As I reflect on my tenure as Diversity Chair for the ASB, I am proud of what our society has created. For supporting the Diversity Task Force, for creating a Diversity Committee and executive board position for the Diversity Chairperson, and for using the principles of diversity and inclusion to guide many decisions and initiatives along the way. There were many opportunities to speak up on behalf of inclusion and diversity—while selecting teams of individuals for awards selection committees, when creating the annual meeting abstract template, when inviting speakers to the women in science and diversity breakfasts… The ideals are now embedded in every discussion and decision considered by the ASB Executive Board. And this was so eloquently demonstrated by the discussions and statement issued by the Executive Board in response to the passage of House Bill 2 by the State of North Carolina prior to the annual meeting in 2016. The message was clear and strong: “The American Society of Biomechanics is a scientific organization absolutely dedicated to the discovery of knowledge and truth. We hold in our hearts and minds the belief that all people can contribute to this process of discovery and enlightenment. Our recent establishment of the ASB Diversity Chair and Diversity Committee, which occurred well before HB2 passed, further strengthens our commitment to this position and has allowed us to focus on supporting and enhancing diversity programming within the society. Specifically, the ASB is committed to supporting its members regardless of race, color, religion, age, national origin, sex, sexual orientation, gender identity or disability. Establishing the Diversity positions has been most fulfilling for the Society……” The 2016 annual conference was a great success. Fifteen individuals were awarded Diversity travel awards to attend the conference; these awards were sponsored by NIH (NICHD and NIBIB), the UNC Division of Physical Therapy, and the UNC-NCSU Rehabilitation Engineering Core. Further, the society supported the self-organization of interest groups which formed along professional and social themes throughout the conference, including: African American, LGBTQ and allies, wearable sensors, and computational biomechanics. Interest group topics and meeting locations and times were shared through the conference app. The Women in Science Breakfast, sponsored by novel electronics inc., and the Diversity Breakfast, sponsored by the Department of Biomedical Engineering and Mechanics at Virginia Tech, were hosted by the Society and highlighted presentations/discussions by Dr. Marcia Gumpertz and Dr. Robin Coger, respectively. Dr. Gumpertz is Assistant Vice Provost for Faculty Diversity and Professor of Statistics at North Carolina State University. She facilitates campus efforts to increase the representation of women and underrepresented minority groups on the faculty and to create a welcoming climate for all faculty. She emphasized career advancement using evidence and data-driven ideas. Dr. Robin Coger is the Dean of the College of Engineering and a Professor of Mechanical Engineering at North Carolina Agricultural and Technical State University in Greensboro, NC. Dr. Coger is a fellow of the American Society of Mechanical Engineers and of the American Institute for Medical and Biological Engineering. She is also a member of the Board of Directors of FIRST – an organization founded to inspire the interest and participation of young people in engineering, science and technology. Page 24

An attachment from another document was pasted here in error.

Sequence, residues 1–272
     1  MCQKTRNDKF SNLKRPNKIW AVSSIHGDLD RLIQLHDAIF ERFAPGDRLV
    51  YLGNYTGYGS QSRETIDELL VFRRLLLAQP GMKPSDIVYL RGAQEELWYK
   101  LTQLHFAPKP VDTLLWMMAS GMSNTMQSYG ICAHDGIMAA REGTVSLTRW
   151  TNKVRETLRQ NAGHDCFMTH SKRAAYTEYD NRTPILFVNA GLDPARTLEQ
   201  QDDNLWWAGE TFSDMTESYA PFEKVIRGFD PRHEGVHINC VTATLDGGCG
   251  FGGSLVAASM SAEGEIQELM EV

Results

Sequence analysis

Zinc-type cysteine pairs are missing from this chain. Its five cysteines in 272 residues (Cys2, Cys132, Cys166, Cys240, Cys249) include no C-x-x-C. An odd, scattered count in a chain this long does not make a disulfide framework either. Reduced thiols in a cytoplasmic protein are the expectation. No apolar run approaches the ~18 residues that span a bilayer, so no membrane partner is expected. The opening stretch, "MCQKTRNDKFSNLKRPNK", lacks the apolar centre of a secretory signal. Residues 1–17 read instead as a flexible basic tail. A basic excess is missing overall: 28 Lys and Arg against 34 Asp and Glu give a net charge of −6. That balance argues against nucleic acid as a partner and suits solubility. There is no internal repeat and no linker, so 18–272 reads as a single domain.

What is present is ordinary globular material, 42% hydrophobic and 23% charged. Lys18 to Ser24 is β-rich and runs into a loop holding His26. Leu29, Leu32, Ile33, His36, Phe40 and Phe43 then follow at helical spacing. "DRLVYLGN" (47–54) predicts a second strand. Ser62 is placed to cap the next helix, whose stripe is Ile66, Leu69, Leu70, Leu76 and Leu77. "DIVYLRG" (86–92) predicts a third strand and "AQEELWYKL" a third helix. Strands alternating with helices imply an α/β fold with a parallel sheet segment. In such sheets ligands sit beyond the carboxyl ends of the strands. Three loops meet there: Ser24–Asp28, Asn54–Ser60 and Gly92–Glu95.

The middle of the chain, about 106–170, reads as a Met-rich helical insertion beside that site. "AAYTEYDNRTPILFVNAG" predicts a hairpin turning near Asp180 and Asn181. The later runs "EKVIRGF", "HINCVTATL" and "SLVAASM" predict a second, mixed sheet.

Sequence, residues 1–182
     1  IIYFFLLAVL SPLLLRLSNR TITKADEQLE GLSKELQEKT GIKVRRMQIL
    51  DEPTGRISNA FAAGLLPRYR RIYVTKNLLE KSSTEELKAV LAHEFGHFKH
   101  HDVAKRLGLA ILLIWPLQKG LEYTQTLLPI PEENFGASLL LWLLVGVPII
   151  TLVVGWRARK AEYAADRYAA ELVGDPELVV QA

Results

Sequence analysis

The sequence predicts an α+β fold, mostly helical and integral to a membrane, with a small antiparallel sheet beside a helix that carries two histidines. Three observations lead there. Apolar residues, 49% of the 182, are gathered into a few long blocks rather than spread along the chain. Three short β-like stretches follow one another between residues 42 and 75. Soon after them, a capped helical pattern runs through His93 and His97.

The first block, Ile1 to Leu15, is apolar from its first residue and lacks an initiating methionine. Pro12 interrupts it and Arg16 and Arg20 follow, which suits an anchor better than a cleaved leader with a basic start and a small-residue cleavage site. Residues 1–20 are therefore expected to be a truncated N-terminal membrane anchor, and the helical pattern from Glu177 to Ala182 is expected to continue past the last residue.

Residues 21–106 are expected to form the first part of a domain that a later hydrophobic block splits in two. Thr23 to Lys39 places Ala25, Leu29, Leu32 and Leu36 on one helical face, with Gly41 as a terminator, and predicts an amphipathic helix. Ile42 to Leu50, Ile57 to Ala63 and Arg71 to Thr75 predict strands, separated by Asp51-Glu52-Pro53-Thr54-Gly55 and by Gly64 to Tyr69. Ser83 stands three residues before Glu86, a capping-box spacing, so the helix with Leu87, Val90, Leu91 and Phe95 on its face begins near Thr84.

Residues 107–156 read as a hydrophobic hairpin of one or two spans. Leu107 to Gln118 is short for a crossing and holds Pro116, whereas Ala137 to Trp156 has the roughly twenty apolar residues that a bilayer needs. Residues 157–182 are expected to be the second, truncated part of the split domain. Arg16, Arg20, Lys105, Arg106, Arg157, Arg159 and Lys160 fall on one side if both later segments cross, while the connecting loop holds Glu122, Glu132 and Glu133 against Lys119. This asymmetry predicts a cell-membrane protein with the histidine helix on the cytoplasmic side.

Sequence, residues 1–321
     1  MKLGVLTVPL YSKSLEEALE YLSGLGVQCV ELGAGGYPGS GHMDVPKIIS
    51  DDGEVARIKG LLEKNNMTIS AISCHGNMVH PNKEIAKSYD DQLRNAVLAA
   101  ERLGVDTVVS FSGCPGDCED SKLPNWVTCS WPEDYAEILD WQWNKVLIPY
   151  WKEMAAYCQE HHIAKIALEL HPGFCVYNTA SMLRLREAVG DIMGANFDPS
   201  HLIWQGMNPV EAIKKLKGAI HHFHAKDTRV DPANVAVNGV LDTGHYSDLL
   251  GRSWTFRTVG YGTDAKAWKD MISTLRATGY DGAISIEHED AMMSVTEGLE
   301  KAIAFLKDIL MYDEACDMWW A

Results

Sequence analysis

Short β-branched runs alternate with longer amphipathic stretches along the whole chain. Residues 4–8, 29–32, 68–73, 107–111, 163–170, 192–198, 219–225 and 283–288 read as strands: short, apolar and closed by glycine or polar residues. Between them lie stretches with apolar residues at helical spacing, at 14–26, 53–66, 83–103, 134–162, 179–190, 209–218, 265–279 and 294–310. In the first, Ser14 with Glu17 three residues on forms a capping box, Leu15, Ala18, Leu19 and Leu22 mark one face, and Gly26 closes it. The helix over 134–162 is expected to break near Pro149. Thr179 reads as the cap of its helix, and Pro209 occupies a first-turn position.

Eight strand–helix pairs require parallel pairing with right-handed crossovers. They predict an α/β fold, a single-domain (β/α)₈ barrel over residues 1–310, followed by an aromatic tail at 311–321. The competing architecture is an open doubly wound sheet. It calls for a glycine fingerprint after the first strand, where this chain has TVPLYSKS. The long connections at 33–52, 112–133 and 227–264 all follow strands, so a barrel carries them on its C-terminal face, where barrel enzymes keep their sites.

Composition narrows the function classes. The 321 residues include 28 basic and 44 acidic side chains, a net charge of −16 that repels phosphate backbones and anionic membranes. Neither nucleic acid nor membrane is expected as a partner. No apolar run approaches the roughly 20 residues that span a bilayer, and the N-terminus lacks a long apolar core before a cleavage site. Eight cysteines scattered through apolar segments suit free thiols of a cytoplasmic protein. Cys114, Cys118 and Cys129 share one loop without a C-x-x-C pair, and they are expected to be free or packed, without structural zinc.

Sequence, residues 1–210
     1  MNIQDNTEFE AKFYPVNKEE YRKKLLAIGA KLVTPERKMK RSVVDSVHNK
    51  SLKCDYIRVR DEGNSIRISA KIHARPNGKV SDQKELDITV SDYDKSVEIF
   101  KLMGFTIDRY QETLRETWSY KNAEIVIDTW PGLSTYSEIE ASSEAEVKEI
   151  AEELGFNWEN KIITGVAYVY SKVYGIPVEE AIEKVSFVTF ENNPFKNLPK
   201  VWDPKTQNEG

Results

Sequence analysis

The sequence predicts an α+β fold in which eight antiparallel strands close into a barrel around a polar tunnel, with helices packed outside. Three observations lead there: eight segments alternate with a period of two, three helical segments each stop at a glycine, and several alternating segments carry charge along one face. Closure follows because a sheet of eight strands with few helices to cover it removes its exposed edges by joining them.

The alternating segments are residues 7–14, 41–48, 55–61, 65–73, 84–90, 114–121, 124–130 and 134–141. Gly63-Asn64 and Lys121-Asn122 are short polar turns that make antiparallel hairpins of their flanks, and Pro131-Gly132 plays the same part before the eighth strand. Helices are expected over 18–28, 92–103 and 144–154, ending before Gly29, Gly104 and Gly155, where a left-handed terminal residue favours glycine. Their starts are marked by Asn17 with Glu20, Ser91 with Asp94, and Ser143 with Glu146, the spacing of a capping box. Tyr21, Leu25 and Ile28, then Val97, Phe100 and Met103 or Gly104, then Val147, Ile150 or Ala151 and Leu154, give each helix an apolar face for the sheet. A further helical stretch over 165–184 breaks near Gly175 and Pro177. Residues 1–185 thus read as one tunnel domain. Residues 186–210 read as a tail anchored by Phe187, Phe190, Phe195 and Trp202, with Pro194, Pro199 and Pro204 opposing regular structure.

ASB Newsletter

Diversity Committee, cont. Kristin Zhao

Dr. Coger spoke about changing your vantage point on your career and taking an active role in how you respond to situations that may affect your career and advancement. Both breakfasts were highly attended, with registrations exceeding the 100-person room capacities. As I transition to be the 2018 ASB Annual Meeting Chair in Rochester, Minnesota, I am happy to introduce Robin Queen, PhD, as the incoming Diversity Chair. Dr. Queen served for 11 years as the director of the Michael W. Krzyzewski (Coach K) Human Performance Laboratory at Duke University before going to Virginia Tech in 2015 to helm the Kevin P. Granata Biomechanics Laboratory as an associate professor in biomedical engineering and mechanics. She has an interest in whole body mechanics with an emphasis on loading symmetry and functional outcomes following surgical interventions, and has published more than 85 peer reviewed manuscripts in a variety of basic science and clinical journals as an independent investigator. In addition to her role as the director of the Granata Biomechanics Lab, Robin is an Associate Professor of Orthopaedic Surgery at the Virginia Tech Carilion School of Medicine as well as adjunct faculty at the Edward Via College of Osteopathic Medicine. Robin’s work with professional societies include her roles as chair of the Orthopaedic Research Society’s Women’s Leadership Forum and as a member of the annual meeting and basic science committees. In addition, Robin serves on the Women’s Health Issues Advisory Board at the American Academy of Orthopaedic Surgery and is a member of the Medical and Scientific Advisory Board at Quest Diagnostics. Robin is a Fellow in the American College of Sports Medicine and serves as a member of the Strategic Health Initiative on Youth Sports and Health. Robin has been a member of the American Society of Biomechanics since 2004 where she has previously served as an abstract reviewer and a member of the awards committee. Robin’s diversity and inclusion efforts include her service to Virginia Tech as the co-chair of the Women’s Alliance, chair of the Biomedical Engineering and Mechanics diversity committee as well as serving as an at-large member of the University’s Commission on Equal Opportunity and Diversity.